Finding some balance

Samar Farooqui demonstrates slacklining. Photos by Christina McDonald.
Samar Farooqui demonstrates slacklining. Photos by Christina McDonald.
George Halson, of Queenstown, shows slacklining is more than just a balancing act.
George Halson, of Queenstown, shows slacklining is more than just a balancing act.

A sport which draws crowds of onlookers because of the perceived danger involved and skill required actually helps heal injuries, those who regularly practise it insist.

It is thought slacklining - balancing on a line tied between two trees - came about after rock climbers needed to maintain their core strength even when the weather worked against them.

Now, slackliners can be found all over the world and a Queenstown group of them has high hopes of demonstrating their sport to the enthusiastic crowds of the Winter Festival.

Never mind the jumps followed by impressive backflips slackliners do to impress, Queenstown slackliner Samar Farooqui insists.

''If you can stand on one leg, you can slackline.''

''You don't have a snowboard to control, you don't have a bike to control - it's the easiest sport to come across,'' he said, adding that slacklining was useful for snowboarders and skiers to work on their balance.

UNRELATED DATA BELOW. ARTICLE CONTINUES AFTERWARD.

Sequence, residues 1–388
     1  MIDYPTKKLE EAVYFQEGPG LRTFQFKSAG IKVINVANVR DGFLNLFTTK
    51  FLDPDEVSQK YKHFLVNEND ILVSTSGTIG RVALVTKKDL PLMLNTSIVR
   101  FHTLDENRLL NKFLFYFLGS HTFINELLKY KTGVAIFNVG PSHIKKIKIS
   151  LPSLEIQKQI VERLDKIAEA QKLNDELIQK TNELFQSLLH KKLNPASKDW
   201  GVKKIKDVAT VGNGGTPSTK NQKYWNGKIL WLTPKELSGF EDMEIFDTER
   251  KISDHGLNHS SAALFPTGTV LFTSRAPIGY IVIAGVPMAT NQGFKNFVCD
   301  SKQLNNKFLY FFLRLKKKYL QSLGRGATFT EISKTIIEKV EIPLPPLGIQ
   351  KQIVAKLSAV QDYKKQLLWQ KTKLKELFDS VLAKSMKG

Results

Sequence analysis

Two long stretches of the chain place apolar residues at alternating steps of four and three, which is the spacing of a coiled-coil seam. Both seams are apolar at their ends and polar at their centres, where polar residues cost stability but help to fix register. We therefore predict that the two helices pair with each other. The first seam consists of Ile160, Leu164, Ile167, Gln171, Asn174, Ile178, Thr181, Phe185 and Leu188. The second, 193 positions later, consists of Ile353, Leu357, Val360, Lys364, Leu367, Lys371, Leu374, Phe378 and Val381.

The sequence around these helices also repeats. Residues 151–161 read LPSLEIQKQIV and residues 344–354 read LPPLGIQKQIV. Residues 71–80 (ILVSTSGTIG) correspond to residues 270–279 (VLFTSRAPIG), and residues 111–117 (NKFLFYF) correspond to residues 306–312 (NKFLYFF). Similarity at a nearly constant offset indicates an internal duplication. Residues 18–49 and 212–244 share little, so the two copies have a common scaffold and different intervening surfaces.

Mr Farooqui is part of a group who can usually be found practising slacklining on Queenstown Bay. They are hoping to organise an interactive demonstration during the Winter Festival to share their passion.

Those worried about injuring themselves can be assured the experienced slackliners can lower the line, as they did for the author of this story, to suit comfort levels.

''A lot of people are using slacklining as physio,'' Mr Farooqui said. A fellow slackliner added that he had used it to heal an ankle injury.

''What it does is it aligns the body,'' Mr Farooqui said.

"It's a really healthy lifestyle sport and it's convenient; you can set it up in your backyard if you've got two trees.''

He began slacklining in India and was pleased to come across the sport in Queenstown when he arrived three years ago.

Slackliners often use towels or tea-towels to protect trees and will only use sturdy trees.

The group is encouraging people to give the sport a go and will offer lessons to anyone who asks.

• Anyone who is interested can email

Add a Comment

Our journalists are your neighbours

We are the South's eyes and ears in crucial council meetings, at court hearings, on the sidelines of sporting events and on the frontline of breaking news.

As our region faces uncharted waters in the wake of a global pandemic, Otago Daily Times continues to bring you local stories that matter.

We employ local journalists and photographers to tell your stories, as other outlets cut local coverage in favour of stories told out of Auckland, Wellington and Christchurch.

You can help us continue to bring you local news you can trust by becoming a supporter.

Become a Supporter